Revolutions Series: Chinese Revolution

Unabridged Audiobook

Written By: Eugene Lieber

Narrated By: Eugene Lieber

Publisher: IAB Inc.

Date: June 2006

Duration: 0 hours 45 minutes

Summary:

Ancient China. Past glory. Until the 1500s, China is perhaps the most powerful country in the world, reaching back 7,000 years. Sees itself as “the Middle Kingdom” - heaven, China, and everyone else, an attitude of superiority with the rest of the world. The class system in traditional China, exemplified by Confucianism, contributes to the stability of its ruling dynasties - the literate class (emperor, courts, land owners, business) and the peasant class. For a dynasty to fail it must lose support from both classes. Isolation from the rest of the world - the Great Wall of China. (5.30.00) = A remarkable civilization. Parallel development in sections of the world it spread out in. Episodes of authority and power in trade, art (the marvel of the 3,500 figures in the Terracotta Army), government bureaucracy (tests for civil service). Social status by birth. Rigid paternalistic society. (13.35.00) = A sophisticated urban civilization with food supplies for cities. The palace life, the city life. Social support system. (18.10.00) = Contrast with Europe. While Europe is in the backward Middle Ages, China's civilization is remarkable. How Europe of the mid-1600s turns China's isolation into a liability and the cause of its decline using a Chinese invention, gunpowder, against them. (21.50.00) = Early 19th century. England controls India and wants them to sell opium, an addictive drug, to China, an effort to subdue them. The emperor resists but is forced to accept it by military force. The drug affects millions of Chinese. (24.36.00) = Later 19th century. Europe in full industrial stage, needing markets, carves out colonies for exploitation. China is too big so Europe imposes spheres of influence for economic exploitation. China suffers humiliation of loss of political control and discrimination. The Boxer Rebellion against foreigners in early 20th century, and complex reactions to the imperialism of Europeans, including the value of bringing modernity. Being conquered. The contrast of increasing dominance by the Europeans to the prior conquest by the Mongols, when the Mongols become assimilated by the Chinese, a reversal (33.45.00) = Chinese Nationalism. The Chinese Republic. The downfall of the Manchu Dynasty in 1911. Sun Yat Sen, a physician, becomes president of the new Chinese Republic, wants to modernized China to end exploitation. He admires the U.S. modernity but fears its exploitation role. He is sympathetic to the 1917 Bolshevik revolution in Russia and has cordial relations with it, but is not a communist. Communist parties spring up all over the world encouraged by the Bolshevik revolution. Sun Yat Sen, (39.28.00) = Chinese Communist Party springs up in 1921. Russia's advises China's Communist party to cooperate with Sun Yat Sen government because it is too early to oppose it. Sun Yat Sen dies in 1925, and Chang Kai Check becomes president. He is dictatorial and corrupt, and prior reforms end. He suddenly attacks and massacres Chinese communists in port cities, virtually wiping them out. (44.00.00) = Mao as rising star. Mao Tse Tung becomes communist leader. Why, after the Communist defeat and their 6,000 mile "Long March" in the early 1930s, the journalist, Edgar Snow, predicts in his book, "Red Star Over China," that Mao is the future of China.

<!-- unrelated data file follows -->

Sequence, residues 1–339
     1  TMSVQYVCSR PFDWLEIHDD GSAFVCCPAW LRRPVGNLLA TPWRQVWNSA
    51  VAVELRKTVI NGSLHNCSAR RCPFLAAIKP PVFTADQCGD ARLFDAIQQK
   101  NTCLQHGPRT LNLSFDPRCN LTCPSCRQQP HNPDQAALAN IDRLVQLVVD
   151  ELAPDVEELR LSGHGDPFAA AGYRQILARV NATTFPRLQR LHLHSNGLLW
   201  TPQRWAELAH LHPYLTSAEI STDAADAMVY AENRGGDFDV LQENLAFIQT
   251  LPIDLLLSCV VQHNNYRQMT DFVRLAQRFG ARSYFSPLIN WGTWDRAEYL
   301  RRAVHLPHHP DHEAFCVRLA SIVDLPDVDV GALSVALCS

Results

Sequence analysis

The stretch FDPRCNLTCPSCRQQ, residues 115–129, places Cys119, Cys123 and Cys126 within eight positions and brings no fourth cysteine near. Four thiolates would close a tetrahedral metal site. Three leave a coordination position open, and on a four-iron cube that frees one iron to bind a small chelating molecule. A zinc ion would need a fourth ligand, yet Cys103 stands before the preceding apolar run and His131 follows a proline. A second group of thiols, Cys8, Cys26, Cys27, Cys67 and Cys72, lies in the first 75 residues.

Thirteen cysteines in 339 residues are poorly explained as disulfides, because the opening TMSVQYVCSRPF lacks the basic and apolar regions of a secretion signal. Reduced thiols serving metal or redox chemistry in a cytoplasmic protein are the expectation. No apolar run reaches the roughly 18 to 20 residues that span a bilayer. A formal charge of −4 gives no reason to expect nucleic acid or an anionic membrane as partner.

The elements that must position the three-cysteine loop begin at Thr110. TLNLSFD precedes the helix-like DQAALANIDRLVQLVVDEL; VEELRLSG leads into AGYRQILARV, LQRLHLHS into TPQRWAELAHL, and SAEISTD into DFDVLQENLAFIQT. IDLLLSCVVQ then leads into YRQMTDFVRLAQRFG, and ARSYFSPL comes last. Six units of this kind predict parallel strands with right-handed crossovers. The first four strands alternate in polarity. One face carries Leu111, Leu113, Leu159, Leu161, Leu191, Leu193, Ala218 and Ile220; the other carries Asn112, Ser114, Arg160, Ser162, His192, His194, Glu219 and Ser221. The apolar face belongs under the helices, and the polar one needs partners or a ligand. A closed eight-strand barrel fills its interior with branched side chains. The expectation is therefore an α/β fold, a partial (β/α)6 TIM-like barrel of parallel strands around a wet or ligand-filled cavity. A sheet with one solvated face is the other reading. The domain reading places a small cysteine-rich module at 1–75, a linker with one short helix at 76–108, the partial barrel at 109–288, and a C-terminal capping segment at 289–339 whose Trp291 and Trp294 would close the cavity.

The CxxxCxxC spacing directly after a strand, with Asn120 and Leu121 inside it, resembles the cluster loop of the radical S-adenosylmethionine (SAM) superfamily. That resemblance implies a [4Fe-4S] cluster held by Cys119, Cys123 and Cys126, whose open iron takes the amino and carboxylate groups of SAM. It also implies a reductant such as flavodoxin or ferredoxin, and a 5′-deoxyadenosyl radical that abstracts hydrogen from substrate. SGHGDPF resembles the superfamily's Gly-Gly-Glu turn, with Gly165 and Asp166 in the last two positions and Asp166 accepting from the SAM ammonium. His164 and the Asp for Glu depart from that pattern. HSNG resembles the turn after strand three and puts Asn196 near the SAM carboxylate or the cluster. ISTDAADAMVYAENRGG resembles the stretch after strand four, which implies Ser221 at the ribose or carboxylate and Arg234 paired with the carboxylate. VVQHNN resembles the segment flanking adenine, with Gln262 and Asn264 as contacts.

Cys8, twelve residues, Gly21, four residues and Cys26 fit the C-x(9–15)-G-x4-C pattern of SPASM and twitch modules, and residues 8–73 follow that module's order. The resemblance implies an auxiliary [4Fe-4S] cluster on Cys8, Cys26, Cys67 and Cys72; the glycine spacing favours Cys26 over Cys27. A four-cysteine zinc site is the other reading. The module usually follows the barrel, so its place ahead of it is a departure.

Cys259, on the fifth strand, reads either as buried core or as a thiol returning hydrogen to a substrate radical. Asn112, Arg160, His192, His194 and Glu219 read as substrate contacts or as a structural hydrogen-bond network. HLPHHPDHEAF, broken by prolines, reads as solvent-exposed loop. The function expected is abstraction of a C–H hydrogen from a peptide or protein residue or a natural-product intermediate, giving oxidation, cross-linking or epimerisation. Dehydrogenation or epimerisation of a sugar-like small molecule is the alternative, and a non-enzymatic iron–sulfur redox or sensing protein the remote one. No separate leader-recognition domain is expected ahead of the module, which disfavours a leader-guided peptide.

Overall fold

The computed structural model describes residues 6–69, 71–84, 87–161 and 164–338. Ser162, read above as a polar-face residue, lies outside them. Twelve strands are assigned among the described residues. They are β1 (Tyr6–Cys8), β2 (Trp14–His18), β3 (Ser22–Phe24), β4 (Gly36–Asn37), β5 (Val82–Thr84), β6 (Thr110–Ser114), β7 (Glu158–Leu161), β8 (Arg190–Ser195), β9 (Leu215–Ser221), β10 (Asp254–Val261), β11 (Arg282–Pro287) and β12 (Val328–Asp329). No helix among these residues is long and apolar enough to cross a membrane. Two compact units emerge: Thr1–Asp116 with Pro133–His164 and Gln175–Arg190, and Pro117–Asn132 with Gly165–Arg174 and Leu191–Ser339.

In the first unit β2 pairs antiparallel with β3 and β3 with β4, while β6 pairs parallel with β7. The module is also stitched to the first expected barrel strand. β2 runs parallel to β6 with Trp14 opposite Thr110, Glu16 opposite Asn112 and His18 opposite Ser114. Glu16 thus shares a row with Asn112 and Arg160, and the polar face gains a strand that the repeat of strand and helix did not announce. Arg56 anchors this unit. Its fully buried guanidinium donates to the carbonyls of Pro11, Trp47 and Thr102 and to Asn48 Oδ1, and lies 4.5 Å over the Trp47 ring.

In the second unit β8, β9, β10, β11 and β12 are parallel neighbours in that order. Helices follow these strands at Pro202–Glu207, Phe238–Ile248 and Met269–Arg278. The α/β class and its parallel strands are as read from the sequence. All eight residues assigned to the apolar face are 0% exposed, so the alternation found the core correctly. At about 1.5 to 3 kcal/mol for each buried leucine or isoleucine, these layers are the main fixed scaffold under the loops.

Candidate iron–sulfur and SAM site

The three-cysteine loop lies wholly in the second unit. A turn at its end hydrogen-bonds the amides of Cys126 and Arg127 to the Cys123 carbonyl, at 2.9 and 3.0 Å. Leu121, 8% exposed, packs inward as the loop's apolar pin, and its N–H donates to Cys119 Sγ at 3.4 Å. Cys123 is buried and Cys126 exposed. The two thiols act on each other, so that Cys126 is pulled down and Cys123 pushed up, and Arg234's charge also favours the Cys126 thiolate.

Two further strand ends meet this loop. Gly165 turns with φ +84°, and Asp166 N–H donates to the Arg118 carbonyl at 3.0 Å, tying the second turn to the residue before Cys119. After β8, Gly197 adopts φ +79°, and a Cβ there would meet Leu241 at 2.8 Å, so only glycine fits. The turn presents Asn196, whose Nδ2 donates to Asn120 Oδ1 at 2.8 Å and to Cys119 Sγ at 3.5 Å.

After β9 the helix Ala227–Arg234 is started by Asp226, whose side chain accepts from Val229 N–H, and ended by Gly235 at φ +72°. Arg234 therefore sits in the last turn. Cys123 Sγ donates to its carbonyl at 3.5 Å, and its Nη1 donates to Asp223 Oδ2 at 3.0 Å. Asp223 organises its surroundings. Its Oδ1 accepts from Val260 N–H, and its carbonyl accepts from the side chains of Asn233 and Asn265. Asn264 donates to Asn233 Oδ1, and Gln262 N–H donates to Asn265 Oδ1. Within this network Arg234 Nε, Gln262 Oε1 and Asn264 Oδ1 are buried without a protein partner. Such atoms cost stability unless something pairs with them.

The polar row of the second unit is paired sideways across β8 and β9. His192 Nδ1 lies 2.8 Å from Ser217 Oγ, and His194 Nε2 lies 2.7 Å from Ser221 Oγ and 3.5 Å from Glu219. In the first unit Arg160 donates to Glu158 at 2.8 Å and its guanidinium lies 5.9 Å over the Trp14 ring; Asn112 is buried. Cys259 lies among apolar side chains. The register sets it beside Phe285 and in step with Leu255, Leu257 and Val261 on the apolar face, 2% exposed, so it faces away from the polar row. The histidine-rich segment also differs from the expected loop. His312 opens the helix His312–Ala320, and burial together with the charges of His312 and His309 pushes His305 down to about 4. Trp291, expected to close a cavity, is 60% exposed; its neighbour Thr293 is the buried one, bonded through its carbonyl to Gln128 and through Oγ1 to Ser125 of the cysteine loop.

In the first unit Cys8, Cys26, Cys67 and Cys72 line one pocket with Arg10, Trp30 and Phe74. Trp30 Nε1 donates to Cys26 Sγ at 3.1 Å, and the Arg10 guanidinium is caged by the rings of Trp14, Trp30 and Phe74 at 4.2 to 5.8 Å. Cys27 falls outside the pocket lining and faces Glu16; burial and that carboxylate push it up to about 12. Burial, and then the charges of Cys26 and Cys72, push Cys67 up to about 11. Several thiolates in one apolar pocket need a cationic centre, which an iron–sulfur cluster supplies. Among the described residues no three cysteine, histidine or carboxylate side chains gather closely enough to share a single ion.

Chinese Nationalism (continued). Mao's coming to power. What are the 4 events involving Japan that brings Mao to power? The incredible story of Chiang being kidnapped by the Communists after the Japanese invasion, and this arch enemy being released.
(12.24.00) = The Communists win China. The non-ideological reason the Chinese peasants support the Communists. Why the West is shocked and surprised when Chang flees to Taiwan in 1950 and the Communists take full control of China. Because of the Cold War, the U.S. does not recognize China for 24 years until the Nixon presidency in 1969. (18.47.00) = Communist China. The Communist regime. The Communists take power in 1949, enforcing anti-Western extremism. The country is backward, devastated by war, famine. Christian missionaries are expelled. There is a gradual acceptance of cooperative farming. Very substantial accomplishments in literacy, health, food supply, and overcoming lack of technology. (27.34.00) = Mao undermines progress. Mao's brutal determination to maintain the fervor of the revolution undermines the country's progress. “The Cultural Revolution.” “The Great Leap Forward.” (35.42.00) = After Mao's death. The immediate changes in China in 1970s. Economic development now emphasized. Revolutionary fervor mostly gone. Experiences of 30 years of its own version of capitalism. Expected to become the economic superpower of the future, but at an enormous human cost. Increased corruption, consumer society, growing inequality. Peasants not sharing economic development based cheap, exploited labor. China also utilizes cheaper labor outside in countries like India. The traditional subordination of women in China changes for the better and then for the worse. In today's China why the term, "Communist Party," has altered meaning. (41.25.00) = Realities of modern China. The element of nationalism. Marx believed in internationalism, but the realities of wars and revolutions are basically nationalistic. Chinese women, traditionally hobbled by bound feet through the early 20th century, expect revolutions to improve their lot. Yet there is a return to gender subordination now that male births are favored over female in mandatory 1-child families. How the ideals of liberation from oppression have played out. Why the Chinese Revolution is considered an unfinished revolution.

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